How rare earth element (REE)-rich deposits in central Sweden formed


Red-orange crystal. Photo.
REE-carbonate Bastnäsite, today one of the worlds most important ore minerals in the extraction of rare earth minerals, first described 1838 by Wilhelm Hisinger based on samples from the Bastnäs-mines in Bergslagen. Photo: C. Rewitzer, Wikimedia

Much of our modern technology relies on the use of rare earth elements (REEs), and a key to finding more of them is to understand the processes that concentrate them in the Earth’s crust. In the ancient Bergslagen ore province of central Sweden lies a zone of ‘Bastnäs-type’ rare earth element deposits, and in a new study, scientists from Uppsala University and the Geological Survey of Sweden (SGU) show how these deposits originally formed.

The increasing demand for REEs in a wide range of modern high-tech applications, including applications vital to achieving ‘fossil-free’ transportation and energy production, has triggered a worldwide effort to discover new sources of these critical metals and therefore also a need to better understand how they formed. The ‘Bastnäs-type’ REE deposits in the Bergslagen ore province in south central Sweden were the first hard-rock ores ever to be mined for REEs and played a key role in the original discovery of several rare earth elements (including cerium and lanthanum) and REE minerals (such as the mineral bastnäsite; see photo). These Palaeoproterozoic, skarn-hosted magnetite-REE deposits represent a large-scale (>100 km) feature of high-grade REE concentrations, the ‘REE line’ in Bergslagen, south central Sweden. An improved understanding of their origin could help to guide exploration for this type of REE mineralisation here and elsewhere to secure the future supply of these critical commodities.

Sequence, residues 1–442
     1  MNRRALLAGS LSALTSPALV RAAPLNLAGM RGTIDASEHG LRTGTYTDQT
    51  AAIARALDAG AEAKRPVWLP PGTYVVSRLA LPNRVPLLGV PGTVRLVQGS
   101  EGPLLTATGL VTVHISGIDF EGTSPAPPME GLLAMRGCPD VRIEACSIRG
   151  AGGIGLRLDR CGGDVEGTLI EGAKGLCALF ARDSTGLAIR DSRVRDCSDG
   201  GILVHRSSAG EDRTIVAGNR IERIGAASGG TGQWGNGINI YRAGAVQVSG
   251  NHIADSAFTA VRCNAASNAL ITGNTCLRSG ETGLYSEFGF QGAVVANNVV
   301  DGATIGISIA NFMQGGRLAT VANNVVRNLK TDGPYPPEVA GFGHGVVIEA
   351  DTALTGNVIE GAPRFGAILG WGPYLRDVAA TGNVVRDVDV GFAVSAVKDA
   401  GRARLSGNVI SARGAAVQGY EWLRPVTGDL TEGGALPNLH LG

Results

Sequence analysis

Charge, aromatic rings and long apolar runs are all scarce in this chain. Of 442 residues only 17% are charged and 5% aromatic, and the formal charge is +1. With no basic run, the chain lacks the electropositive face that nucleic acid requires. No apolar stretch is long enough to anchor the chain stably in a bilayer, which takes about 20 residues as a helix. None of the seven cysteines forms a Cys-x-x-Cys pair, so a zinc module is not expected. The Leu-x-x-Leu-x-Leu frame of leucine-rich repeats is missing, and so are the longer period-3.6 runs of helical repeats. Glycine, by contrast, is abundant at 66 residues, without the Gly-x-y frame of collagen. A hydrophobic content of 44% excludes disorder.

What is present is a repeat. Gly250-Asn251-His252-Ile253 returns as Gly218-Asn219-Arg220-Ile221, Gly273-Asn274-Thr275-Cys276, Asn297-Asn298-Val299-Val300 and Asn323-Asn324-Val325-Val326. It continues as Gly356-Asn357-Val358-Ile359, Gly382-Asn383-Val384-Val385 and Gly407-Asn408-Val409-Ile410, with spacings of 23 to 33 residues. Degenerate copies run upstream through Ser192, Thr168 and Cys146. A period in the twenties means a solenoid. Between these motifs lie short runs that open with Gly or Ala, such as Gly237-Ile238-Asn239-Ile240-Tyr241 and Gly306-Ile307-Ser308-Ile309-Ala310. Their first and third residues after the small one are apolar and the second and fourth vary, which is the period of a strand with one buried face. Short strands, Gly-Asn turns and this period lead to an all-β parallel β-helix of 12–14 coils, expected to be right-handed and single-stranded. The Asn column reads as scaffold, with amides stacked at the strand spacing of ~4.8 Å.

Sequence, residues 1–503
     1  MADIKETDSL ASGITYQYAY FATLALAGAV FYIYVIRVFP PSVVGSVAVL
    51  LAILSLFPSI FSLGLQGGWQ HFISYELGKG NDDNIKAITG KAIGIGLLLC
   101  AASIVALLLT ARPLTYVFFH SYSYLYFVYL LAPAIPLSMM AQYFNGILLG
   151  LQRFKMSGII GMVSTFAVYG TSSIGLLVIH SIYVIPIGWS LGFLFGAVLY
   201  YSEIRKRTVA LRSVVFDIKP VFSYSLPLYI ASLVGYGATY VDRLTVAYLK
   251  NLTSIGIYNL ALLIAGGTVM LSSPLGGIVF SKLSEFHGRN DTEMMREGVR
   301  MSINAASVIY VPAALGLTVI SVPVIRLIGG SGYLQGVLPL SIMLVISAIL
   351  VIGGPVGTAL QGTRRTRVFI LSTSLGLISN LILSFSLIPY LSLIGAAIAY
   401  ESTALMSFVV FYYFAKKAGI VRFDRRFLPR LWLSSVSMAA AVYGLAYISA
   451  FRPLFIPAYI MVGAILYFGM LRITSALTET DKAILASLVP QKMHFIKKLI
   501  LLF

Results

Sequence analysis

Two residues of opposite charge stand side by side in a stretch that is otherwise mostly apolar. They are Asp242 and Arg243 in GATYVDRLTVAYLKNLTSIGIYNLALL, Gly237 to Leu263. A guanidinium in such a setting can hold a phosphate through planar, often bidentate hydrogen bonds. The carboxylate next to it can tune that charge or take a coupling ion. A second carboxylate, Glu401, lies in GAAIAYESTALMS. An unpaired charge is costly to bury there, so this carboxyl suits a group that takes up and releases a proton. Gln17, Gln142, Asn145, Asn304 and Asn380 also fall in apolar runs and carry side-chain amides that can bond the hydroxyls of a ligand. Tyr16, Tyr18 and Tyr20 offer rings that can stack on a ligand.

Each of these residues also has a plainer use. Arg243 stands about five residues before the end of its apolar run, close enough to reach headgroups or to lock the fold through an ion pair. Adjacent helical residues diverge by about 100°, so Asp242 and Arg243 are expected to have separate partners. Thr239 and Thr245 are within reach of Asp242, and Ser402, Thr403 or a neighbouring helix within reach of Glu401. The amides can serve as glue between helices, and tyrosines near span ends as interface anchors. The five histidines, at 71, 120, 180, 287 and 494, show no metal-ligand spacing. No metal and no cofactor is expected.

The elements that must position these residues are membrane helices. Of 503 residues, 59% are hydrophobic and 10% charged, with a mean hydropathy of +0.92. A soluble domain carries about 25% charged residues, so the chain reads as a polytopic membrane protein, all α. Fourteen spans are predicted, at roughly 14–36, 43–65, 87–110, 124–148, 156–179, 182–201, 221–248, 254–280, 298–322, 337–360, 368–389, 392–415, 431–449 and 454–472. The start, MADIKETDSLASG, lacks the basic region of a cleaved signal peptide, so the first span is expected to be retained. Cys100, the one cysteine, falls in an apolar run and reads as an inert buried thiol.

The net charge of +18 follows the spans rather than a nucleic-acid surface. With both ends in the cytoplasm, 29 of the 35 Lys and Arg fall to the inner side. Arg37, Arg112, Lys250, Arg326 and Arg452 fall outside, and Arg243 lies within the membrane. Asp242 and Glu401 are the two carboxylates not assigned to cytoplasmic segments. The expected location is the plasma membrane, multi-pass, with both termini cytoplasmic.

To unravel the formation of ‘Bastnäs-type’ REE deposits, robust constraints on the nature of ore-forming processes and fluids were needed. To address this, a research team from Uppsala University, the Geological Survey of Sweden (SGU) and the University of Cape Town collected mineral oxygen and carbon isotope data from ten of the classic central Swedish ‘Bastnäs-type’ deposits to assess their mode of origin. The results have now been published in the Nature research journal Scientific Reports.

The new isotope data allowed the team to perform numerical models that, combined with existing geological observations, imply an origin in a sub-seafloor, shallow-marine back-arc setting where high-temperature magmatic fluids reacted with pre-existing limestone layers. The drastic changes in chemical environment experienced by the fluids during their interaction with the limestone led to localised skarn formation and magnetite-REE mineral precipitation. These results advance the long-standing debate on the origin of the ‘Bastnäs-type’ REE deposits and provide new insights into geological processes that have the potential to produce high-grade REE mineralisation.

For further information, please contact:
Prof. Erik Jonsson, email: tel: +46 70-222 88 51
Dr Fredrik Sahlström, email: tel: +46 79-3401535
Dr Karin Högdahl, email: tel: +46 70-6525951

Sahlström, F., Jonsson, E., Högdahl, K., Troll, V. R., Harris, C., Jolis, E. M. & Weis, F. (2019) Interaction between high-temperature magmatic fluids and limestone explains ‘Bastnäs-type’ REE deposits in central Sweden. Scientific Reports, DOI: 10.1038/s41598-019-49321-8

The study has been supported by the Swedish Research Council (VR), the Geological Survey of Sweden (SGU) and Uppsala University (UU).

News archive 2017

Last modified: 2023-04-24